“It is a great opportunity for senior leaders to show their human side, and if you can have a bit of fun with it – all the better!” – Tora Millward, Head of Internal Communication at Aspris.
“Authentic, appreciative and if appropriate, fun (I couldn’t think of another A!)” – Cathy Power, Global Internal Communications Manager, Global and Experian IT Services.
“Number one for me is always the thank you. My other golden rule is keep it light in terms of messaging – there are other opportunities to talk about the numbers/challenges/forecasts. This is the time to get across warmth, authenticity, personality and a bit of fun” –
The overarching tone of any year- end internal communication should always reflect appreciation and introspection. Appreciating all employees for all their hard work during the year and looking back, looking ahead to all milestones recorded during the year and an insight regarding what to expect in the new year – Ife Elegbede, Communications Specialist, Coronation Merchant Bank.
“For me, it’s a point of reflection. A chance to stand still for a minute and look back – what has been achieved, difficulties that have been overcome and acknowledging colleagues’ contributions. It’s easy to constantly look to the next thing but I think this appreciation of the past is important for fostering colleagues’ understanding of how they’ve contributed to the greater organisational goals. As well as creating a clean platform in January to start messaging around the vision for the year ahead. Although completely agree with you Claire Openshaw that it’s not the time for numbers or heavy detail! Always avoid assuming that the holiday season looks the same for everyone” – Kelsey Farrell, Senior Internal Communications Specialist, Advanced.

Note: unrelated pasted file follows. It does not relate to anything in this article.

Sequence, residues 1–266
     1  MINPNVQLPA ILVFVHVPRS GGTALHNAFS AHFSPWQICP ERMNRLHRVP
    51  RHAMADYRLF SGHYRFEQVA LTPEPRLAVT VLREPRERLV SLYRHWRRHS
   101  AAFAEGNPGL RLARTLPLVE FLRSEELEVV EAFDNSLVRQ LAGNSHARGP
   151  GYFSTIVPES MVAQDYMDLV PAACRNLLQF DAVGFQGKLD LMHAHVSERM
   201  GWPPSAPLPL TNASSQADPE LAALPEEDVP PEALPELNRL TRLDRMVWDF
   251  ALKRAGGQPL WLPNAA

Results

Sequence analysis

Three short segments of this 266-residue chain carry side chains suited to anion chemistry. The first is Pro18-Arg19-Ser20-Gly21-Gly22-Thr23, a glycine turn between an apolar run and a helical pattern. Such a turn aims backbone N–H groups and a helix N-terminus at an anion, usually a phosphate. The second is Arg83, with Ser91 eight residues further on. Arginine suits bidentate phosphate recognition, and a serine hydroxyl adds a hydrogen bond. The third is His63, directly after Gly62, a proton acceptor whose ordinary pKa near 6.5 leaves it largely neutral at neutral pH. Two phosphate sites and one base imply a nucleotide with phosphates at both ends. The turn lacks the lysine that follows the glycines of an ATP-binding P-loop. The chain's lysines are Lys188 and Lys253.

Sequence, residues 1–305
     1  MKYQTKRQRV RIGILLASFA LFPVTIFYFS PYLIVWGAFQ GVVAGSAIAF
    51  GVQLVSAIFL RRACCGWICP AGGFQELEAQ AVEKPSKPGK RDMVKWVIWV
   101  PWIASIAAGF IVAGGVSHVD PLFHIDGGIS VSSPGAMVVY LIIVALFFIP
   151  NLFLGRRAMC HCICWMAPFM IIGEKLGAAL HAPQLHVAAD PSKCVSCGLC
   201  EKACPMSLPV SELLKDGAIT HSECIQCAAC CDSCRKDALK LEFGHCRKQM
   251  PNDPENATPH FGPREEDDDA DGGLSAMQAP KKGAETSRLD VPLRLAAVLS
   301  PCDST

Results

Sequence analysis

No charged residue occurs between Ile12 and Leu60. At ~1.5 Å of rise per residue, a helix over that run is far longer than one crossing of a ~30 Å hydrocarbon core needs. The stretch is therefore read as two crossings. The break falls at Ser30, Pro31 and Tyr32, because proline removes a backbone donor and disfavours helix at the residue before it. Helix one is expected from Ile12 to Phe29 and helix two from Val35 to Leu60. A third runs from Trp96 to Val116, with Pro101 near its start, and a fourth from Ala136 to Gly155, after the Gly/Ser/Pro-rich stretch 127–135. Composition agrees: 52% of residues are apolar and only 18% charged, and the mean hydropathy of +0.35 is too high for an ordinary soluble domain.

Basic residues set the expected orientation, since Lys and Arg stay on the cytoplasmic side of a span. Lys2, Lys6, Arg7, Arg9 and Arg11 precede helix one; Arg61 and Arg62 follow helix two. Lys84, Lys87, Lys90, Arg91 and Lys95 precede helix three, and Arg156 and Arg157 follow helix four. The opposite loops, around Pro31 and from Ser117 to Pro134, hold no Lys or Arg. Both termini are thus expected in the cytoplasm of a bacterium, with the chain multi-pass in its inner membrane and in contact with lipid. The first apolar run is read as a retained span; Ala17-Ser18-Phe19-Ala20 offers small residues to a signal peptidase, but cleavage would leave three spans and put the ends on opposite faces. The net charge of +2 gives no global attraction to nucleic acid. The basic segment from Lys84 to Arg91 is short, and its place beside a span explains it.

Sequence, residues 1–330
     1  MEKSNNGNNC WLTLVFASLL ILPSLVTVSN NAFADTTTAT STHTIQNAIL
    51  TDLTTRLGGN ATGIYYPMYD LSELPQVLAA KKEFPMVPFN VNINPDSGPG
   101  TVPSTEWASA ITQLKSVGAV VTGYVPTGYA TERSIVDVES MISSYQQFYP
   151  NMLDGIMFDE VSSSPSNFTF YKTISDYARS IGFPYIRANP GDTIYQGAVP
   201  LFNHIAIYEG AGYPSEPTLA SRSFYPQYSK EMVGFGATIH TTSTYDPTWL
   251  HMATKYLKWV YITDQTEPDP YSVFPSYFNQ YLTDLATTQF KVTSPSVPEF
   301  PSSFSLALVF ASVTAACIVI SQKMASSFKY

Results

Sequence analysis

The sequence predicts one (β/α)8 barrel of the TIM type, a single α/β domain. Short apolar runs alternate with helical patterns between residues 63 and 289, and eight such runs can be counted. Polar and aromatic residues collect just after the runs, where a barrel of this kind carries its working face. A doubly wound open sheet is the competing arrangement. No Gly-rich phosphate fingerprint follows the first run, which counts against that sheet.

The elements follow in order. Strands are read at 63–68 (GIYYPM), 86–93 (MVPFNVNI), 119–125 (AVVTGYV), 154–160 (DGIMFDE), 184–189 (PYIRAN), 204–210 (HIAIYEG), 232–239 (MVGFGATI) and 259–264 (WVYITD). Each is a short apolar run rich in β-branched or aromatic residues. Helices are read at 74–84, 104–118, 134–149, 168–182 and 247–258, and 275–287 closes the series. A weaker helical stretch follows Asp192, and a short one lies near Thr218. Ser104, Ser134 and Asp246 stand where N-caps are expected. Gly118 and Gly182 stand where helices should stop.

“For me the most important thing is to thank everyone for all of their hard work. This is closely followed by the opportunity to celebrate what’s been achieved. I often like to use video for this as it’s a great way to make an emotional connection and instil a sense of pride. As well as a chance to reflect, I also like to give a small nod to the future and create some excitement for the year to come. Finally, a chance to remind everyone to take a break” – Rhianne Sarna, Head of Internal Communications, Colt Technology Services.
I echo so many of the comments the IC community has kindly shared. The main one for me is gratitude for your employees and all the efforts and energies they have put into the year.
Recognising some people don’t celebrate Christmas or have it at another time of year (some Ukrainians will mark it on 7 January for example), is important. Be mindful of appropriateness of language, imagery and celebrations.
If you’re looking for further reading, I’ve written various blog posts over the past 13 years to help you along these lines, I’ll share some below.
I hope you get a chance to down tools at some point over the next month or so. I know there is rarely a quiet time of year for internal communicators!
Further reading via the All Things IC blog
- How to write an annual report
- How to create a successful end of year meeting
- IoIC Future of Work 2023 priorities report – contains key themes for the year ahead.
- Comms pros reveal top tips for Christmas Comms – published 2017
- What’s top of mind for Comms pros in 2022
Best of luck with your end of 2022 internal communication. If you have a story to share or a campaign you’re proud of, why not check out our guest article guidelines?
I love featuring in-house internal communicators sharing their stories with peers. If one of your goals for the year ahead is to be featured on the All Things IC blog, why not consider getting involved?
You could answer the questions in our Candid Conversations series or write a guest article.
Thank you for stopping by,
Post author: Rachel Miller
First published on the All Things IC blog 2 December 2022.